How can laws improve in your countries so that women have equality of opportunity when it comes to getting jobs and starting businesses? Find out more and tell us about your experience.

Additional resources:

Website: Women, Business and the Law

Report: Women, Business and the Law 2020


Rita Ramalho

Lead Economist, Public Institutions Data and Analytics, Governance Global Practice

Tea Trumbic

Women, Business and the Law project Program Manager

Jose Francisco SALINAS
January 24, 2020

Gender equity is not just a fashion word for programs is also, the only way to promote long term and sustainable development, because of women access and control of assets and access and control on their business’ benefits.

Tarsiah Tessa Zain Taman
January 24, 2020

Yes, we should empower the women whenever and wherever, to ensure the percentage increase in the respective indices.

Botshabelo Othusitse
February 10, 2020

agree. See comment on promoting women in employment and participation in business

January 24, 2020

Very nice article with statistics

February 10, 2020

Very nice article with statistics

January 24, 2020

This is excellent task that this association is doing. I will share my thinking that, "if we want to empower women then very first thing come from women itself.....
They should be more educated, more aware,more competitive and more healthy to show their existence in society. Because there's an inertia specifically in less developed countries that educated women only decorate their family status , And men are "all in all" for the family. Even in the agriculture sector women has more contribution than men, But women has no legal right on their field ! then service sector is so far. And this Kind of thinking, deprived women from working force .the exact word for this characteristic of women is, they are involved in "CARE ECONOMY" but not in country's real economy. And that's why country do not think really very ambitiously for this sphere. And it creates_ Less Participation ➡ Less laws ➡ Less awareness ➡ Less contribution ➡ Less empowerment and? Less developed country ⬇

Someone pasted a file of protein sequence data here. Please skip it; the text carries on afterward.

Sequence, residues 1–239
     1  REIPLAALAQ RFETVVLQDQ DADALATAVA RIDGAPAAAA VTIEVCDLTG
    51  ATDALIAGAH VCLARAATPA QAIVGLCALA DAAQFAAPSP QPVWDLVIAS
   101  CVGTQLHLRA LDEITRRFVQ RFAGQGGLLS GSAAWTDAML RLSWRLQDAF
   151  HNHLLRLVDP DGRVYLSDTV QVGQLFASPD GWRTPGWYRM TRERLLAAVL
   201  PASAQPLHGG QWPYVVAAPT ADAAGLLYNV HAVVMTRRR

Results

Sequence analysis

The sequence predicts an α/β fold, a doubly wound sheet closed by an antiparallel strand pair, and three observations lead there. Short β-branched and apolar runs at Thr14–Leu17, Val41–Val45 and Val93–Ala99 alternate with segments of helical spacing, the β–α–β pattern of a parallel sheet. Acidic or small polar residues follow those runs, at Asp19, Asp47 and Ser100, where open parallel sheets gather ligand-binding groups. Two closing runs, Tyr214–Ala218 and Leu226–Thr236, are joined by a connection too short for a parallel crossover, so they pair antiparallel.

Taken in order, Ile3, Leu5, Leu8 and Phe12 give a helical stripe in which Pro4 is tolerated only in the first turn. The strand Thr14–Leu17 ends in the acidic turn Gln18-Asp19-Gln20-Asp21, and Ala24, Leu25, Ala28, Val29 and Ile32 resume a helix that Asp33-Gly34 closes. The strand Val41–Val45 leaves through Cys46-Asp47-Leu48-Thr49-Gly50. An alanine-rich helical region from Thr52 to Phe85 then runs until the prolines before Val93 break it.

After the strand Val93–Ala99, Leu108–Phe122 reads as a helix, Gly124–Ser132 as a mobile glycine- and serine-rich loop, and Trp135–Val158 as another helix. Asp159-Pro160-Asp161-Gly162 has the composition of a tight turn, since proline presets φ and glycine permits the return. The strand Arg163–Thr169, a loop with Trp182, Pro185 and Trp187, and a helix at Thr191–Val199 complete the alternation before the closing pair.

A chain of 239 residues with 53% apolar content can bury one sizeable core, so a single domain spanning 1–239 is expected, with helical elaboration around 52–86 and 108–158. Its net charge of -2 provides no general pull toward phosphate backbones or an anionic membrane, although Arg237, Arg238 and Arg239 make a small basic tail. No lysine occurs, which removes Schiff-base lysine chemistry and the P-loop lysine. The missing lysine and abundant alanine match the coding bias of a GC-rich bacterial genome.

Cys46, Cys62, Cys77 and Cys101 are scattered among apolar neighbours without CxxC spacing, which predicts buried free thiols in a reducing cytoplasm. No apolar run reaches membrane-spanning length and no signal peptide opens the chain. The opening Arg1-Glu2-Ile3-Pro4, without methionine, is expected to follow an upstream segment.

So the very first thing come first - EDUCATE and AWARE women about their importance and existence in society.it will create -
More participation ➡ More Laws ➡ More awareness ➡ More contribution ➡ More empowerment and ? A Developed country?.
Thank you.

Botshabelo Othusitse
February 10, 2020

there is need to introduce paternity leave in my country so that both men and woman take equal responsibility in the up bring of the child right from birth.

Botshabelo Othusitse
February 10, 2020

There is need for deliberate policies and regulations to increase women participation in the employment sector more especial at senior level. Laws that prescribe the minimum percentage of women in managerial positions in any institution in any institution for example will contribute to women empowerment to get jobs and participate in business. Furthermore, tax policies policies should be biased towards women to ensure that they have greater capacity to start and sustain businesses

February 10, 2020

Empower woman so we woman can be equal to man in every decision making and every opportunity in work

Nenkam christiane
February 10, 2020

I will like to add to the women business development that we should help young girls achieve their dreams because there are many young girls out there with a lot of potentials both intellectually and physically but they have no one to hold their hands or push them forward.some end up being forced to marriage at early age while their dreams go death in their mind and others end up doing pety trading of which they would have been engineers, doctors and etc if they had help.So ladies please reach out because even me I'm one of them.


Tobi Sogba
February 10, 2020

That was a great article, really insightful.

January 25, 2021

Educating women will help alot so that they can contribute to the country's economy.